Unemployment fell from October to November in most regions of Massachusetts, except for Cape Cod and the islands, according to a detailed breakdown of jobless rates from Gov. Deval Patrick’s labor office.

Unemployment fell from October to November in most regions of Massachusetts, except for Cape Cod and the islands, according to a detailed breakdown of jobless rates from Gov. Deval Patrick’s labor office.


That’s good news at a time of year when jobs usually drop in construction, tourism and other weather-dependent fields, said Christian Weller, an economist and public policy professor at UMass-Boston and senior fellow at the Center for American Progress.


“We generally think of October, November as kind of dull months due to depressing seasonal factors,” he said.


A warm start to winter might have tempered the usual drop in employment, Weller said.


Promisingly, all regions of the state had lower unemployment in November than the same month a year earlier, the labor office said.


At the local level, estimated unemployment rates were lower in all but eight Bay State cities and towns last month than in November 2010.


“Massachusetts is doing relatively well,” Weller said. “It still has a relatively high unemployment, but is in a good position to face the economic headwinds that everybody thinks are coming.”


Analysts remain worried about how federal gridlock, the European debt crisis and other factors beyond Massachusetts’ control will affect the state’s economy in the coming year.


Even as unemployment rates decline, the figures showed little sign of narrowing the gap in joblessness between the state’s poorer cities and towns and wealthier suburbs.


Cities such as Fall River, with an unemployment rate of 11.8 percent, and Brockton, at 8.8 percent, remain a long way from towns such as Dover, Weston and Brookline, all of which had joblessness rates below 3.5 percent in November.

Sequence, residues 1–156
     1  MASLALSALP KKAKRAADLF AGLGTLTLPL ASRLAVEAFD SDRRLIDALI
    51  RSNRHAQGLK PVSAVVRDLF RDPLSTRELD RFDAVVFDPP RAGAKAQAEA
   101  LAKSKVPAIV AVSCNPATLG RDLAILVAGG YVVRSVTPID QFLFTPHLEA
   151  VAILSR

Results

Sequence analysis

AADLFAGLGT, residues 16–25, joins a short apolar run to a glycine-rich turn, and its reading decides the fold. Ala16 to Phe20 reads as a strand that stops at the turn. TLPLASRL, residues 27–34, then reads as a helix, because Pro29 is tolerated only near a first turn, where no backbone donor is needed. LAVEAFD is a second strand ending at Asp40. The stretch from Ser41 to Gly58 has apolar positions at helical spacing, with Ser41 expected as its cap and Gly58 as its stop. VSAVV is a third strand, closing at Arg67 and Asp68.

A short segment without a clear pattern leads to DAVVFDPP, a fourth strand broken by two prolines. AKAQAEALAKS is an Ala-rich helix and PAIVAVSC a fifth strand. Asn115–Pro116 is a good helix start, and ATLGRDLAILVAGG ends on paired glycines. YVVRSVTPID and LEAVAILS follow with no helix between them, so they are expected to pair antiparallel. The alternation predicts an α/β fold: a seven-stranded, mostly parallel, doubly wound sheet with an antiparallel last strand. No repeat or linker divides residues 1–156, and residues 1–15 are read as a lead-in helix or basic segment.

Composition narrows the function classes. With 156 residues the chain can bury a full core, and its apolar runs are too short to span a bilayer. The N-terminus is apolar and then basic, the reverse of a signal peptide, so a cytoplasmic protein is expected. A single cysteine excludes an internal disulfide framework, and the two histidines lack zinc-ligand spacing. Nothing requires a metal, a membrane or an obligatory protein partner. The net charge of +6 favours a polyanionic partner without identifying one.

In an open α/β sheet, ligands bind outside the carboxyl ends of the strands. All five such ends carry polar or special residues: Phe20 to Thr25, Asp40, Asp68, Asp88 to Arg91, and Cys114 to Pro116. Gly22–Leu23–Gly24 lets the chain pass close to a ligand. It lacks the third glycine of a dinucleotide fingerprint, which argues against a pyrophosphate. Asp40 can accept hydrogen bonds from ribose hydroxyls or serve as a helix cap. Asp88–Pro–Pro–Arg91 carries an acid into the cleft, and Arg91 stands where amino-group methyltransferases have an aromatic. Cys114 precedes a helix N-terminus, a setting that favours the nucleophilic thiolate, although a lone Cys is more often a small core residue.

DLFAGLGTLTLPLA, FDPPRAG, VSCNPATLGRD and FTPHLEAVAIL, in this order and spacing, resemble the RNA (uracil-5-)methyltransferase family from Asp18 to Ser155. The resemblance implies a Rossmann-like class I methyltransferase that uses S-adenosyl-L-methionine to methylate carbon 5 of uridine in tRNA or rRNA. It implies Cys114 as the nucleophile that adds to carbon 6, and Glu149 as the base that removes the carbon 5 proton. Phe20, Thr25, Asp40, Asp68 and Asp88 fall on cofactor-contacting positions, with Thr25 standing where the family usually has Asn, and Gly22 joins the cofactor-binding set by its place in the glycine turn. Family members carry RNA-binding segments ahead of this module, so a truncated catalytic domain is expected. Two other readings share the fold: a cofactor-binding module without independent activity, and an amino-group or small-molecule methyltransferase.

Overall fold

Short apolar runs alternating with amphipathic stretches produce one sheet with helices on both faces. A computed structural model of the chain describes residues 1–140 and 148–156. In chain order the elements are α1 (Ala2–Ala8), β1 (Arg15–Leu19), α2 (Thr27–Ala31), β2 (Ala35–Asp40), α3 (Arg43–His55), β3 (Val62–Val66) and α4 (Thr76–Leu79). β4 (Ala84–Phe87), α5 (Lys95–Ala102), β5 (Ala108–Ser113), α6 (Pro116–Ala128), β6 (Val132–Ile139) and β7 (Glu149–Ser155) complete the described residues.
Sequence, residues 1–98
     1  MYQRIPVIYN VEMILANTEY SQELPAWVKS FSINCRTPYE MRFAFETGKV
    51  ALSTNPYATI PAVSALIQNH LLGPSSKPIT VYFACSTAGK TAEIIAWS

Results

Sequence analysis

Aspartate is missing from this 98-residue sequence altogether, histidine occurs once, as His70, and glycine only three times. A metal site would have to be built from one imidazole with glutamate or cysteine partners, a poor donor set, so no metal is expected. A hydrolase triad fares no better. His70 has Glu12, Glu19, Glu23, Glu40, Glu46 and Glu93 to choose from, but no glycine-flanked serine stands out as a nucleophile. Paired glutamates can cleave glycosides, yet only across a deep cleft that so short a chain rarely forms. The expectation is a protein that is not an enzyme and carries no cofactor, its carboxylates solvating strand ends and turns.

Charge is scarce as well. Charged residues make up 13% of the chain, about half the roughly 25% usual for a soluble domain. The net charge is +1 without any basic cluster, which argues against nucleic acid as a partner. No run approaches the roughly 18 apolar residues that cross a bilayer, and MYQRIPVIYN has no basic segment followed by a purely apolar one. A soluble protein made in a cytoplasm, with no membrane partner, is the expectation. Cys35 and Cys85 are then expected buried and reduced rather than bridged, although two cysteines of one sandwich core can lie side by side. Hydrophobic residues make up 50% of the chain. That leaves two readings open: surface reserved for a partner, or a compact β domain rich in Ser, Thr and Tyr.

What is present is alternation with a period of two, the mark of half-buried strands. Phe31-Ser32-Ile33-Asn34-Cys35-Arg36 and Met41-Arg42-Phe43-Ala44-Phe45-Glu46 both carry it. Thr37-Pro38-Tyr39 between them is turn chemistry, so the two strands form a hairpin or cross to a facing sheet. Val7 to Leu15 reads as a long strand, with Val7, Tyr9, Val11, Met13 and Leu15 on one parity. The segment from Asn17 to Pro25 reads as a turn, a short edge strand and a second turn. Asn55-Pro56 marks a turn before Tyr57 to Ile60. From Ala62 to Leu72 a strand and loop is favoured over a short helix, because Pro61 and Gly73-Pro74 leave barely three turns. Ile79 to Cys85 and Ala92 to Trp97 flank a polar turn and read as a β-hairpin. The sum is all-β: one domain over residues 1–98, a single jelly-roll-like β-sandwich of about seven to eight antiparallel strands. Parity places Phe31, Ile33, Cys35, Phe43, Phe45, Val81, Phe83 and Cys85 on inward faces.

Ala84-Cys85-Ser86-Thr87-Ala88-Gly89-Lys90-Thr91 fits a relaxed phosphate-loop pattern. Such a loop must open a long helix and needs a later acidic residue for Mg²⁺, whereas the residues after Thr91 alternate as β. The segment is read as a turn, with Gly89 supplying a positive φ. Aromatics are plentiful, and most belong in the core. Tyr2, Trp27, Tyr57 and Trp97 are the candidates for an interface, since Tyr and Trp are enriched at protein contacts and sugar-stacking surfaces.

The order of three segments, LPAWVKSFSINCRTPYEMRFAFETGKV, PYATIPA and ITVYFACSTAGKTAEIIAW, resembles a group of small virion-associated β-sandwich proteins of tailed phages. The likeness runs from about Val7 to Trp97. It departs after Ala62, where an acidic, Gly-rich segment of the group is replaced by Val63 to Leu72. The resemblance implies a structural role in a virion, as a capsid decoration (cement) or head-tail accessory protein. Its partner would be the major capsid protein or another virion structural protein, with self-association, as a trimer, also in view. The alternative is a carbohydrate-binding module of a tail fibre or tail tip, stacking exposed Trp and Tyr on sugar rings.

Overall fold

“You do see a lot less double-digit numbers, but there are still issues with some of the Gateway cities,” said Rena Kottcamp, director of research for the Massachusetts Division of Unemployment Assistance.


The state has identified 24 "Gateway” cities that have populations between 35,000 and 250,000, and median household incomes and education levels below the state average. These cities also tend to see higher unemployment than other regions.


The new regional and local jobless estimates are not seasonally adjusted. That means they include seasonal ebbs and flows in employment and labor markets that are typically factored out of the traditional statewide and national unemployment rates.


This may explain double-digit unemployment rates reported for November in several Cape Cod towns, where seasonal jobs fueled by tourism dry up in the fall. Provincetown led the state with an estimated 28 percent unemployment rate.


“Their unemployment rates are quite low in the summer because there is a huge influx of people into the area and jobs,” Kottcamp said.


Massachusetts’ seasonally adjusted unemployment rate was 7 percent in November, down from 7.3 percent in October – the lowest level in three years. Compared to November 2010, last month’s state rate dropped 1.3 percentage points.


The national unemployment rate was 8.6 percent in November. The unemployment rate includes people who are without work and actively seeking jobs.


The state labor office breaks Massachusetts into 22 regions to track employment. All saw jobless rates decline in November from the same month a year ago.


Only three regions saw joblessness increase since October – the area surrounding Barnstable, Nantucket and Martha’s Vineyard. 


Labor officials also reported gains in jobs last month in the Boston-Cambridge-Quincy, Brockton-Bridgewater-Easton, Framingham, Worcester, Springfield, Leominster-Fitchburg-Gardner and New Bedford areas.


Five other regions saw slight job losses: Lowell-Billerica-Chelmsford, Haverhill-North Andover-Amesbury, Barnstable, Peabody and Pittsfield, the state said.


All regions of the state had more jobs than in November 2010, the labor office said. Among the biggest gains were the Framingham and Boston-Cambridge-Quincy areas. The Brockton-Bridgewater-Easton area saw among the largest percentage gains in jobs.


“The experience across the state looks pretty good,” Weller said.


(David Riley can be reached at 508-626-4424 or driley@wickedlocal.com.)